Home and belonging are the themes of this Mumbai exhibition

Beyond Transnationalism features works by artists from India, Pakistan and Afghanistan, now living in the US, exploring ideas of diaspora and migration.
Jaret Vadera presents No Country, a world map with the name of every country covered by black blanks of various lengths.
Jaret Vadera presents No Country, a world map with the name of every country covered by black blanks of various lengths.
Published on Apr 13, 2018 09:20 PM IST
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Hindustan Times | ByRiddhi Doshi

Beyond Transnationalism

Where: Bhau Daji Lad Museum, Byculla

When: April 8 to June 19, 10 am to 6 pm, Closed on Wednesdays

Call: 2373-1234

Entry fee: 10

Where is home? is one of the biggest questions in a world grappling with urbanisation, migration, environmental displacement and refugee crises. At no point in human history have these many people moved this far across the globe, acquiring something from a new space, leaving behind some of themselves. At the Bhau Daji Lad Museum, a group show Beyond Transnationalism aims to document and address that question.

The exhibition, curated by Arshiya Lokhandwala, features works of artists from Indian, Pakistani and Afghanistani origin, now living in the US. It explores the broad ideas of transnational, Diaspora, being the other and belonging.

Zarina Hashmi’s work is based on the idea of home as an impermanent place. These woodcuts on paper have Urdu words written on them in the traditional Nastaliq script.
Zarina Hashmi’s work is based on the idea of home as an impermanent place. These woodcuts on paper have Urdu words written on them in the traditional Nastaliq script.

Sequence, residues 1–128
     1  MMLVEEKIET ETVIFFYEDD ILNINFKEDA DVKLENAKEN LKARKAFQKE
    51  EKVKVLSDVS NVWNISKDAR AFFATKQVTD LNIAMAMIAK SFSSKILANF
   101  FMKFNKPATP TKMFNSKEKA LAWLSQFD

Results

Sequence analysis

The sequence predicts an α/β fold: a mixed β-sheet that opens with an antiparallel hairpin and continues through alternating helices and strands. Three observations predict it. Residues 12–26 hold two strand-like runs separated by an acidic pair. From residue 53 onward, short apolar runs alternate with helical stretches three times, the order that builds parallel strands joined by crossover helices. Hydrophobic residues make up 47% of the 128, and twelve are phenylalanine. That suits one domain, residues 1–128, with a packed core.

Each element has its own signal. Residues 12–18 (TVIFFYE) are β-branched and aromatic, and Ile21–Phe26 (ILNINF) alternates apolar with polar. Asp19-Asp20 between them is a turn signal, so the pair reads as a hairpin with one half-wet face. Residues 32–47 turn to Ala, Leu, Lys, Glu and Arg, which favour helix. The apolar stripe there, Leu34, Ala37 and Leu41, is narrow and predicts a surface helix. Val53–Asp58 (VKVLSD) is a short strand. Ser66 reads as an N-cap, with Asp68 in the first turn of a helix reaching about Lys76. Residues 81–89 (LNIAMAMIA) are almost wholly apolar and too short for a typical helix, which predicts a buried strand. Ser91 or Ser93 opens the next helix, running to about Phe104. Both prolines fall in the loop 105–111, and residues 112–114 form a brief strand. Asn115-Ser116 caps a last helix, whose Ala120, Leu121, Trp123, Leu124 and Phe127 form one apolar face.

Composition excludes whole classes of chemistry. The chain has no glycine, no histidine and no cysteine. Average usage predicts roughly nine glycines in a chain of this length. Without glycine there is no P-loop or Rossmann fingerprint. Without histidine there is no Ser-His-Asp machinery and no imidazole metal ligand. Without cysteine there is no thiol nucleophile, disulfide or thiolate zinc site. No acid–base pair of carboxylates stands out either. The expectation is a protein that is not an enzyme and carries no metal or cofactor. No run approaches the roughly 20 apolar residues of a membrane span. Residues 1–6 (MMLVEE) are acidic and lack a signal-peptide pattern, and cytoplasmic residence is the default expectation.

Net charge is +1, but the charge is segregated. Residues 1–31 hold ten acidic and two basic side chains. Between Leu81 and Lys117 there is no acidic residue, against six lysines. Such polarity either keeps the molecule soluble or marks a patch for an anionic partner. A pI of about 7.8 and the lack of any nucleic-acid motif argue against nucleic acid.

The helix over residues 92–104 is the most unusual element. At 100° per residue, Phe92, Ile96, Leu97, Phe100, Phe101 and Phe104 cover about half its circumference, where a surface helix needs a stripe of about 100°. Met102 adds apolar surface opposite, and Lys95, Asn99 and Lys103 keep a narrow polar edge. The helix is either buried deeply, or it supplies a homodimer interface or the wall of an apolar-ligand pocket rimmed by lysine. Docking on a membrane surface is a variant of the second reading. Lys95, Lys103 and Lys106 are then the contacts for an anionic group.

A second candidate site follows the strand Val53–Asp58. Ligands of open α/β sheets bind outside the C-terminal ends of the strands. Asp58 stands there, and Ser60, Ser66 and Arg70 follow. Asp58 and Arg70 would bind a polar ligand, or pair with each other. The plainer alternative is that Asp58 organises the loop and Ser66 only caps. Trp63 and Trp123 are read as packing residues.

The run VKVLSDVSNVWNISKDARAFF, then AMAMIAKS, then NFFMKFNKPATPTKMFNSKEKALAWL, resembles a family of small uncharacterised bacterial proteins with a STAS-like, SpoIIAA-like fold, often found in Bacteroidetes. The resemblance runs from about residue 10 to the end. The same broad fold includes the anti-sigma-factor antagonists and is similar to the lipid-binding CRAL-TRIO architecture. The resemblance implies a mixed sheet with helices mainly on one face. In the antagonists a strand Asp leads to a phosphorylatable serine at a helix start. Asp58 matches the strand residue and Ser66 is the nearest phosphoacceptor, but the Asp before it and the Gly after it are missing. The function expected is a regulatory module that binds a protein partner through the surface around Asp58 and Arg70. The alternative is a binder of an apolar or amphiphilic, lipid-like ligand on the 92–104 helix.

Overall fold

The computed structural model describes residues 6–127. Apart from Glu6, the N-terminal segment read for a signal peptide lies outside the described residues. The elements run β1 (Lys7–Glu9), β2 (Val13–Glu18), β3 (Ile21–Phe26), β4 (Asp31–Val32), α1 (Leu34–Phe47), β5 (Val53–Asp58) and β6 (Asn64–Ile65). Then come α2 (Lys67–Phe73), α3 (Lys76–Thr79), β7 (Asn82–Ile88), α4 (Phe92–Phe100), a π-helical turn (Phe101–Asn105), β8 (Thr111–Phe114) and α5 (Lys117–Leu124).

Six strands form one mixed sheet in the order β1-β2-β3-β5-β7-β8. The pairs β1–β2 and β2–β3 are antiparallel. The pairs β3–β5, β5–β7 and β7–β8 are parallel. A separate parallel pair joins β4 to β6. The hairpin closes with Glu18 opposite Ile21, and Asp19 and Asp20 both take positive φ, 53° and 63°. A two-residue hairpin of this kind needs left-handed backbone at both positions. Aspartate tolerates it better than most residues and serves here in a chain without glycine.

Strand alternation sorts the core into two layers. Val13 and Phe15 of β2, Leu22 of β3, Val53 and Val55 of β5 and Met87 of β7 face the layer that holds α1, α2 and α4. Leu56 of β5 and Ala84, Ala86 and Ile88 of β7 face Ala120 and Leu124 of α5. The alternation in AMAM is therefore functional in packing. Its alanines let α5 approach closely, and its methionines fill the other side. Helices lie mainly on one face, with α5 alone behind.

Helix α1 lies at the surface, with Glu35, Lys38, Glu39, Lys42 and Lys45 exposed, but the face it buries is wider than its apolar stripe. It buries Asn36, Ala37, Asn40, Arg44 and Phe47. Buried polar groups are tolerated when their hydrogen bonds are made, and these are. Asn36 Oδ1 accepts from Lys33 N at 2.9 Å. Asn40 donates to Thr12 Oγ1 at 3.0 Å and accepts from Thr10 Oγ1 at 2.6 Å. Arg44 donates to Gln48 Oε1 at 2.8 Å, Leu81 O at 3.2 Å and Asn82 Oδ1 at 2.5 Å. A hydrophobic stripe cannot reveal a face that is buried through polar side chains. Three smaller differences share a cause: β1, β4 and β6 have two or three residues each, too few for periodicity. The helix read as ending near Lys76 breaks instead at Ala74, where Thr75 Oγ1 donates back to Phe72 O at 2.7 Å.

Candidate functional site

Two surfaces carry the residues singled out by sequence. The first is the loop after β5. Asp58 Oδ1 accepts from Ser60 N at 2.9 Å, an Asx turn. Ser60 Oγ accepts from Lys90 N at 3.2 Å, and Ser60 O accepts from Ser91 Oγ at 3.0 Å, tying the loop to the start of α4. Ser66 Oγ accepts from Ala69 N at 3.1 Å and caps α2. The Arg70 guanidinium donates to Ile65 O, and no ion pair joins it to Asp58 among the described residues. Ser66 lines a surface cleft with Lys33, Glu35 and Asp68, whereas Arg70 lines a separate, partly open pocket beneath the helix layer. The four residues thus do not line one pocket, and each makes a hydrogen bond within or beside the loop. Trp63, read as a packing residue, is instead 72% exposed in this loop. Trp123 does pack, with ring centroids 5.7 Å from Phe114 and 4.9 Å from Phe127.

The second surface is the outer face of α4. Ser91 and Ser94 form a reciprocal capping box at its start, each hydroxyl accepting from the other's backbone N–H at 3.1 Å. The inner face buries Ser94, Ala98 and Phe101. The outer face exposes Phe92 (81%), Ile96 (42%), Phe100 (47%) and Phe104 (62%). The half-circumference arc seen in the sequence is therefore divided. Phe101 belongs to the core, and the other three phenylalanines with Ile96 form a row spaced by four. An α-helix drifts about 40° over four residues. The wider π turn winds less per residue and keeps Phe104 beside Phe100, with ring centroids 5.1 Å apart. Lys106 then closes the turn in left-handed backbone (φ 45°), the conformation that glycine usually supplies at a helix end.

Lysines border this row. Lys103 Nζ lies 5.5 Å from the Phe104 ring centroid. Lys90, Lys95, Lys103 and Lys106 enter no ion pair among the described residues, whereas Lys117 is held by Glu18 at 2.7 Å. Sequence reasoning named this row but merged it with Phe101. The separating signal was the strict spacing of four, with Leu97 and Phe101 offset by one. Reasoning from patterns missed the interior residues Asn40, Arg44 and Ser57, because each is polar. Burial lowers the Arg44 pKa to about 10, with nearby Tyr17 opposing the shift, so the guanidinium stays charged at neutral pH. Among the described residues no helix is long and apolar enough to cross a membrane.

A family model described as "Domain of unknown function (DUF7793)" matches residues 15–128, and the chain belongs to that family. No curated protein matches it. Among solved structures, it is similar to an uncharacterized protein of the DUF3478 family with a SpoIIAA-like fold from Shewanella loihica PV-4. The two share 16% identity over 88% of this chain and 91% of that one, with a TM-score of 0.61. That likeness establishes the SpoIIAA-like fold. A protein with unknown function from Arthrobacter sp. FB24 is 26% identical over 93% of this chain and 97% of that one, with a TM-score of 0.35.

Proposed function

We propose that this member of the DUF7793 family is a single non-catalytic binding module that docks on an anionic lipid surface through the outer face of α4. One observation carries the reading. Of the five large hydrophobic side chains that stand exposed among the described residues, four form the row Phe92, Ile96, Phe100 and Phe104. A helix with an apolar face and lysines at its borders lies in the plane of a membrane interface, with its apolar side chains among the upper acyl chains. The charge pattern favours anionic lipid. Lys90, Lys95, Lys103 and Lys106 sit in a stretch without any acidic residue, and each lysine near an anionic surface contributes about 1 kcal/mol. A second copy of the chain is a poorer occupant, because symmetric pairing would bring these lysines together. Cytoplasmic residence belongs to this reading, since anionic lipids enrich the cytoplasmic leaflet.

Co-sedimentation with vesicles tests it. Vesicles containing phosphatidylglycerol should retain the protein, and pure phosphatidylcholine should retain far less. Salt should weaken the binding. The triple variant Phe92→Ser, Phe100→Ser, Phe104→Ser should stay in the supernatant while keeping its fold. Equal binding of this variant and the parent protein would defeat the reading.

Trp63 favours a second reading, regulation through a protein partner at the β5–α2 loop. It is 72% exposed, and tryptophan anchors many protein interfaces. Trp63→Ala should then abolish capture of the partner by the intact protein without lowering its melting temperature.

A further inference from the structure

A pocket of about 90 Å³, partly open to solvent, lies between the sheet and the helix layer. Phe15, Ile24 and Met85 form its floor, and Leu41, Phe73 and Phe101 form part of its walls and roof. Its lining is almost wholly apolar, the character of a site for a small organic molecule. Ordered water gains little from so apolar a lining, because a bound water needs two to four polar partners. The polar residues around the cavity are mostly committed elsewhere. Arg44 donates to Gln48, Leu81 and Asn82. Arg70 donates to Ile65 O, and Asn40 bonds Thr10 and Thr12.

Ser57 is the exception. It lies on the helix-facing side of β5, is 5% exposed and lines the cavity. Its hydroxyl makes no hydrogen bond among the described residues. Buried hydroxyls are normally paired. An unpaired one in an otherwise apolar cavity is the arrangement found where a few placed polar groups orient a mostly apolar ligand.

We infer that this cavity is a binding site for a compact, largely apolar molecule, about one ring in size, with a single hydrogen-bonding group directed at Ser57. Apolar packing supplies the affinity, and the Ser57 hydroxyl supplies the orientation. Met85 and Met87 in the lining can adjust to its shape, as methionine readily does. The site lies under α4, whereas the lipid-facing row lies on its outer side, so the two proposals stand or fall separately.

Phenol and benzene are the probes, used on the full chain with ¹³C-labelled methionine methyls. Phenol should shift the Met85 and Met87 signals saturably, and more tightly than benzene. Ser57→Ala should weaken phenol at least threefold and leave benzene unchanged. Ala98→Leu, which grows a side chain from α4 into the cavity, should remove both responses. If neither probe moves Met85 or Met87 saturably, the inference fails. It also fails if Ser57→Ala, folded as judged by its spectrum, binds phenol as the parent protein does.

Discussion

Zarina Hashmi’s work is simply titled Home is a Foreign Place. “I understood from an early age that home is not necessarily a permanent place,” she says. “It is an idea we carry with us wherever we go. We are our homes.”

She jotted down a list of Urdu words that she considered important: axis, distance, road and wall. These were sent to a calligrapher in Pakistan who wrote these in the traditional Nastaliq script. Back in her studio in New York, Zarina developed what she describes as idea-images, which flowed from these words. 36 woodcuts on paper make for the entire work.

“When I went to the US in November, for the show, there was almost this hostility where artists did not want to be diasporic,” says Lokhandwala. “They don’t want to be known as artists of Indian origin. They want to be multi-local. They have an India connect, but also a US connection. The exhibition is looking for new articulation.”

Jaret Vadera presents No Country, a world map with the name of every country covered by black blanks of various lengths. In his video work On Kings and Elephants, a robotic voice narrates different English translations of the story of four blind men and an elephant.

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